How to track your marketing campaign

It's an old rule: you can't manage what you can't measure. Diana Clement figures out that in marketing, it's still true

It pays to aim with your marketing campaign. Photo / Thinkstock
It pays to aim with your marketing campaign. Photo / Thinkstock

Are you playing darts blindfolded with your marketing? Do you have accurate measures of the success of all your campaigns?

Too many small and medium-sized businesses don't track their marketing campaigns well enough, says Chris McNair, senior product manager at Yellow. They throw money at a campaign and either assume or pray that it's working.

There are plenty of tried and tested methods for tracking both online and offline marketing. With the right metrics a business can determine which method of marketing is most effective, and do more of the same.

Online marketing is the easiest to measure, says McNair. Start by tracking unique visitors to your website.

"Whether you are using search engine marketing, search engine optimisation, or social media marketing, they all have a tendency to feed into and bolster the success of the website and the traffic to it," says McNair. "The number of unique visitors to that website is a really good indicator of how well the rest of the marketing campaign is doing."

Businesses need to look next at the cost of conversion. Are their online and offline marketing campaign cost-effective? "It comes down to: how much did it cost to acquire someone versus how much that person is going to make for your business."

Small businesses in particular don't always do a good job at tracking the business gained from their Google AdWord expenditure, website costs, and the time and money put into social media marketing, says McNair. "They need to work out how much the average person spends and the profit they make on that sale.

"More than any other method of marketing you can work out how much it cost to acquire that (customer or client) online. Digital marketing solutions are so transparent. It gives you an extremely granular view of how much it costs to acquire a customer."

There are tried and tested ways of tracking offline marketing as well, says Brandon Wilcox, director of Evolve Marketing. "If you can modify advertising to build in a response mechanism you can measure the results."

One such mechanism is to use a unique 0800 number or email address for each campaign. Calls to that number or emails to the address come directly from the campaign. Not all such campaigns will have an equal result. Designer furniture might have a better conversion rate in a magazine such as Urbis than a free giveaway newspaper, says Wilcox.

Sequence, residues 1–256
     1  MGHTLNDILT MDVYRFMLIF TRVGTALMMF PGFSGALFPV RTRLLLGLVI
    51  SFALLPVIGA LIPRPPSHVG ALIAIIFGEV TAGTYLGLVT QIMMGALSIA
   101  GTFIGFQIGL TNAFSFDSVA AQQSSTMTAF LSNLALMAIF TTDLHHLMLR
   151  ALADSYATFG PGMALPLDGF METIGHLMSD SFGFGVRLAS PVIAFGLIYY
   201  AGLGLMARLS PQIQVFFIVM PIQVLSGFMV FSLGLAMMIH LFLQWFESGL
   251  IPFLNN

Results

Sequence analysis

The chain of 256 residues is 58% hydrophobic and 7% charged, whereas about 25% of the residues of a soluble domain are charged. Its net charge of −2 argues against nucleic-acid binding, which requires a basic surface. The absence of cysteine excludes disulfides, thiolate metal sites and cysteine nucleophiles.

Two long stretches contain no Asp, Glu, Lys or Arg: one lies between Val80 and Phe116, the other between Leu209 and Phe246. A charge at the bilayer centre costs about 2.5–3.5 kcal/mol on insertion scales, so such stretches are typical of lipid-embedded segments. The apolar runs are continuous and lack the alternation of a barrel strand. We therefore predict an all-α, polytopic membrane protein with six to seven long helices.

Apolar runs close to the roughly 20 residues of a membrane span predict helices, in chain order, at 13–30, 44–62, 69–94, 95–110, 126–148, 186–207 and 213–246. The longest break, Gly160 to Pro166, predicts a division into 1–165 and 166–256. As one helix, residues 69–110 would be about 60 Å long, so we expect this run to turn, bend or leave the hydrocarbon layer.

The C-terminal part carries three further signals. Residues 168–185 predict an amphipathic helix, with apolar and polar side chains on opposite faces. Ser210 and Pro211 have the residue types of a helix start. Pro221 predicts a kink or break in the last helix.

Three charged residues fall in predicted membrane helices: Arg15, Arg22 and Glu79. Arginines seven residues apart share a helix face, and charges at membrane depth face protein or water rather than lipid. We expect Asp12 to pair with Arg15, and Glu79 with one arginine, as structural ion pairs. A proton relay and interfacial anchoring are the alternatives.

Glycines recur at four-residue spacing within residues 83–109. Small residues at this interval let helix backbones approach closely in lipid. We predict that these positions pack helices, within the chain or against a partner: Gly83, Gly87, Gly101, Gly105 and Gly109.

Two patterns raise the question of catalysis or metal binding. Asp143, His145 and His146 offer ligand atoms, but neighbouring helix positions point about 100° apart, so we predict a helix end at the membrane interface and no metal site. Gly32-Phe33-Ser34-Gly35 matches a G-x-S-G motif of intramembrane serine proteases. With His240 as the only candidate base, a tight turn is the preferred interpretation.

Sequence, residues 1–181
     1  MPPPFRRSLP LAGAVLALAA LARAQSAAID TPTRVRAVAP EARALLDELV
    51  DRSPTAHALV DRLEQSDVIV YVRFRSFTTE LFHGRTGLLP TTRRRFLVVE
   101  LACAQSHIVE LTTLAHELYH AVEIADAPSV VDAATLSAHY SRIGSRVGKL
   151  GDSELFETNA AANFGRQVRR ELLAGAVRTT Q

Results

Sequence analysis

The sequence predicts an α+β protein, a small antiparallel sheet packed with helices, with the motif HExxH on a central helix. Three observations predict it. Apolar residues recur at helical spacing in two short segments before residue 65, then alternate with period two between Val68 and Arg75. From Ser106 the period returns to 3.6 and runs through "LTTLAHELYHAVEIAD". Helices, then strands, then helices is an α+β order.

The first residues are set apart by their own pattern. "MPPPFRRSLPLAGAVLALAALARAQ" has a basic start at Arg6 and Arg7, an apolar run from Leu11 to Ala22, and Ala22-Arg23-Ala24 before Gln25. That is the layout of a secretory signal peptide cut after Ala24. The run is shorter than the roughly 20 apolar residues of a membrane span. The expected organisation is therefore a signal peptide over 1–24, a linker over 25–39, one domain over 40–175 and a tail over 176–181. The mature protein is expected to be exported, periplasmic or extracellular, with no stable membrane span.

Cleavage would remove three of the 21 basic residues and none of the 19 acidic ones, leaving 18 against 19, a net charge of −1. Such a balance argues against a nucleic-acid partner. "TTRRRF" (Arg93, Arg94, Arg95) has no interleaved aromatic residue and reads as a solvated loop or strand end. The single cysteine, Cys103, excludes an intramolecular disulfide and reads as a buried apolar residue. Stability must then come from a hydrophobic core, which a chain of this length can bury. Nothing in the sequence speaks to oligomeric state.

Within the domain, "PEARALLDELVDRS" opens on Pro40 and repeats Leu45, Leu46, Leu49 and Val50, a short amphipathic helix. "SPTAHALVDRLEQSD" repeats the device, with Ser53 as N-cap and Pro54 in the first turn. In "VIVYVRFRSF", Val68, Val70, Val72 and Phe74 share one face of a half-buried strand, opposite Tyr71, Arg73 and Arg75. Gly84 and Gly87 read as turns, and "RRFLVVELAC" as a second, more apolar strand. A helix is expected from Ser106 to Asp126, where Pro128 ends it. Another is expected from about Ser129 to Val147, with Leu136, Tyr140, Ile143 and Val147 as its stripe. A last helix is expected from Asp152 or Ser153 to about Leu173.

Email addresses, however, are becoming less useful for that type of campaign because people fear that they will be included in a database and spammed.

Another good response mechanism is to include an offer in the advertising. Evolve had a spa pool client that was throwing money at print advertising with no way of measuring the direct response. Wilcox designed a newspaper campaign where instead of advertising the sale of spa pools, the business invited people to call for a free brochure.

Previously, the business was getting 40 calls a week. When the new advert ran, 400 people called for a free brochure. They came directly from that advert. "The company got a lot of hot prospects," says Wilcox.

SMEs can also track offline advertising by looking at the sales numbers. If there is a spike in sales during or just after a marketing campaign it is likely that the two are related. But that is no guarantee that the marketing campaign was causal, says Wilcox. "It is not guaranteed because there may have been something else happening that caused the increase."

Evolve, says Wilcox, may recommend changes to strategy as part of a marketing campaign. He cites the example of a car auction client. The client was encouraged to move from offering general car auctions to targeting specific types of vehicles each day. "We advertised the first sale three days before the auction. The (business) had a 50% increase in people at the auction and a 100% increase in vehicles sold.

More difficult to track is branding. It is difficult for SMEs to quantify such marketing campaigns, says Wilcox.

These campaigns raise awareness, but only real way to track such campaigns, he adds, is with consumer research before and after the campaigns. "That is horrendously expensive. No SME can afford that."

Wilcox recommends SMEs monitor their offline campaigns online as well. Even if customers are directed to the business' website it is likely they'll go there anyway. Google Analytics will identify if there is a spike in visitors and help businesses analyse the benefits of that traffic.

- NZ Herald

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